Deal likely to sail through Senate

Senate leaders expect a bipartisan budget deal reached late last week to easily pass the upper chamber Thursday afternoon.
 
Democrats are by-and-large happy the spending agreement does not cut the Head Start early education program or slash Pell Grants — although it would eliminate summer Pell Grants.
 

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Sen. Tom HarkinTom HarkinGrassley challenger no stranger to defying odds Clinton ally stands between Sanders and chairmanship dream Do candidates care about our health or just how much it costs? MORE (D-Iowa), who has jurisdiction over health and education programs, said he would vote for the deal.
 
“We have no reduction in Pell Grants and we kept a lot of our other priorities in there. There will be no reductions in Head Start,” he said, noting that the summer grants would be eliminated, something President Obama proposed in his budget plan.
 
Some Democrats, including Sens. Ron WydenRon WydenIPAB’s Medicare cuts will threaten seniors’ access to care A guide to the committees: Senate Tech, advocacy groups slam DHS call to demand foreign travelers' passwords MORE (D-Ore.) and Sherrod BrownSherrod BrownA guide to the committees: Senate House bill would prevent Trump from lifting Russian sanctions Dem senators call for independent Flynn probe MORE (D-Ohio), have concerns over the legislation, but the opposition within the Democratic Caucus is not strong.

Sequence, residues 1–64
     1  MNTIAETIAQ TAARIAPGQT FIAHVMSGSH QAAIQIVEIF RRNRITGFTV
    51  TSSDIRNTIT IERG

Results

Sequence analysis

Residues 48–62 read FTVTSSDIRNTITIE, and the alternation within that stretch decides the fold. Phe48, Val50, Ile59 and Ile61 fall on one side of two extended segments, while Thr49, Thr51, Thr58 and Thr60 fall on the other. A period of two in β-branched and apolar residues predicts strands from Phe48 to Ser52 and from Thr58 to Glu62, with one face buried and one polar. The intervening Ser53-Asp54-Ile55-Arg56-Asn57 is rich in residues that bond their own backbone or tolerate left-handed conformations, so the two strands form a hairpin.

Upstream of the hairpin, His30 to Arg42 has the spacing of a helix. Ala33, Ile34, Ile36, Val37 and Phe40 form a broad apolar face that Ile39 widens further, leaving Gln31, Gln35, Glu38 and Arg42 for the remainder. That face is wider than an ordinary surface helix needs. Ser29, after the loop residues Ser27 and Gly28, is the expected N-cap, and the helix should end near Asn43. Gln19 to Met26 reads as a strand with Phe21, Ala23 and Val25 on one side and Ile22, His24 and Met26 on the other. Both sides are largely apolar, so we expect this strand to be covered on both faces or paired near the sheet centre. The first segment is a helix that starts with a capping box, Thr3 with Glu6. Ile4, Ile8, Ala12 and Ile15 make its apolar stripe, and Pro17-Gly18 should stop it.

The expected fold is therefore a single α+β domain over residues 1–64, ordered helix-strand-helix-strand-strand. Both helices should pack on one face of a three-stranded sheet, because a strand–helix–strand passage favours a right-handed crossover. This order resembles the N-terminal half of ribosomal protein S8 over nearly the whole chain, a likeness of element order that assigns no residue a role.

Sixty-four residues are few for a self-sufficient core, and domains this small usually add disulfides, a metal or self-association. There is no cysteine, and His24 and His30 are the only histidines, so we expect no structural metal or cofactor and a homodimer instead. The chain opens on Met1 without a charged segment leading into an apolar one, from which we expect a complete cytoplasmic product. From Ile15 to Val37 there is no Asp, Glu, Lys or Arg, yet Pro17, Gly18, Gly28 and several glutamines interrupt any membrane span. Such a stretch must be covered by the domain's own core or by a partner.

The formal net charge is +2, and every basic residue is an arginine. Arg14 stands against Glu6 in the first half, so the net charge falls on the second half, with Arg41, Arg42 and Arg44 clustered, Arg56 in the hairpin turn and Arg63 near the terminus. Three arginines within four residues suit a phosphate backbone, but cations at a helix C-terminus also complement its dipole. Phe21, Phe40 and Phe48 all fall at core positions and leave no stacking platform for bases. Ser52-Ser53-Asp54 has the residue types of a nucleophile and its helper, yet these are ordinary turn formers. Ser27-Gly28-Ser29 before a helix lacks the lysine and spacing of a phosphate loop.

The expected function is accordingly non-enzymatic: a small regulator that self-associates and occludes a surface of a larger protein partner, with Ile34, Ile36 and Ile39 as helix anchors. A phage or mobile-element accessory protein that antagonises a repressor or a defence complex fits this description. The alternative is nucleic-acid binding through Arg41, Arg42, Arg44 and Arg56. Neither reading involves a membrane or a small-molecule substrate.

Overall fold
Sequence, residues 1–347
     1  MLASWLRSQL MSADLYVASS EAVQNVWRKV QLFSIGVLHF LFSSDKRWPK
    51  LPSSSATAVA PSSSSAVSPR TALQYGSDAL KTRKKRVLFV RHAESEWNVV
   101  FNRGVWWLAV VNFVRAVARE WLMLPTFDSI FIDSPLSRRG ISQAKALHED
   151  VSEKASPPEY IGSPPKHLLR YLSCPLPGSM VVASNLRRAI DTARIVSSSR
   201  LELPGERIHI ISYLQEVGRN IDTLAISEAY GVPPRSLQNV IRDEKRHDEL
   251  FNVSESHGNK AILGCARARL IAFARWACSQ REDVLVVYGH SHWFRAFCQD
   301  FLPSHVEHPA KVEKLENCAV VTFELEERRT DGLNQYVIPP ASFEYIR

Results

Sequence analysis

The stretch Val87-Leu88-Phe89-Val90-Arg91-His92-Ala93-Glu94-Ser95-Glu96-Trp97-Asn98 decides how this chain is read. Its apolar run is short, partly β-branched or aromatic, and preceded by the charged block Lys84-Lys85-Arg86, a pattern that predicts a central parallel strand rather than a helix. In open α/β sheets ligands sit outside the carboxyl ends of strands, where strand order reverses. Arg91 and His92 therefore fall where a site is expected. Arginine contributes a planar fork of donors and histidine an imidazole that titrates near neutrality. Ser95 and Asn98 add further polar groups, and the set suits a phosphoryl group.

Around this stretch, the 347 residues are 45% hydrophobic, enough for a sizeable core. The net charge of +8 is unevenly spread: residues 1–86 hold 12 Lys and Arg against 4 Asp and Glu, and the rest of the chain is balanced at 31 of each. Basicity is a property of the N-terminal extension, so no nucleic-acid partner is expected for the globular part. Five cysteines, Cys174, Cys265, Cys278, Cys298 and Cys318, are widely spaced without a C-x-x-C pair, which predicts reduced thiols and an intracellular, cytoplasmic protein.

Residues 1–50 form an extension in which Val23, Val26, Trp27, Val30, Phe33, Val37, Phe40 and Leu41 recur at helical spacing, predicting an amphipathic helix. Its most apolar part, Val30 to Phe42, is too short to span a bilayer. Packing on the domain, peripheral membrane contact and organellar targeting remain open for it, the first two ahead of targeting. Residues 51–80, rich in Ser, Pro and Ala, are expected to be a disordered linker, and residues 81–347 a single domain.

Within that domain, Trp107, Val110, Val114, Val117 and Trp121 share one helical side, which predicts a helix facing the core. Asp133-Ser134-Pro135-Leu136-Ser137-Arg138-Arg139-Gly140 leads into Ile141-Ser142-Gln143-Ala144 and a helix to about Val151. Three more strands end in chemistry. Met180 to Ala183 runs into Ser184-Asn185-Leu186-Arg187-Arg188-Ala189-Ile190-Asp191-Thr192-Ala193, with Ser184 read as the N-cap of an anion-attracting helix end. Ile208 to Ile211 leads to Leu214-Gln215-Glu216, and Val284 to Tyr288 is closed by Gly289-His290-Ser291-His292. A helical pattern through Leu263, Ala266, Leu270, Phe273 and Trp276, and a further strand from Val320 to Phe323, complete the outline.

“It’s not significant,” Senate Democratic Whip Dick DurbinDick DurbinA guide to the committees: Senate McConnell: I’m very sympathetic to 'Dreamers' Senate Dems move to nix Trump's deportation order MORE (D-Ill.) said when asked about the number of potential defections. “We have a number of senators we’re still talking to.”
 
A senior Senate GOP aide predicted that five to 10 conservative lawmakers might vote against the deal, including Sens. Rand PaulRand PaulCongress must reform civil asset forfeiture laws ­ObamaCare fix hinges on Medicaid clash in Senate A guide to the committees: Senate MORE (R-Ky.), Mike LeeMike LeeCongress must reform civil asset forfeiture laws A guide to the committees: Senate Top antitrust senators call for Sessions to scrutinize AT&T-Time Warner merger MORE (R-Utah) and Jim DeMint (R-S.C.).
 
The aide said the compromise would have more than enough votes to pass.
 
The House is expected to pass the compromise, which cuts about $38 billion from 2011 spending levels, Wednesday afternoon.
 
Senate aides expect the House to send the package to the Senate for consideration between 4 p.m. and 5 p.m. Wednesday.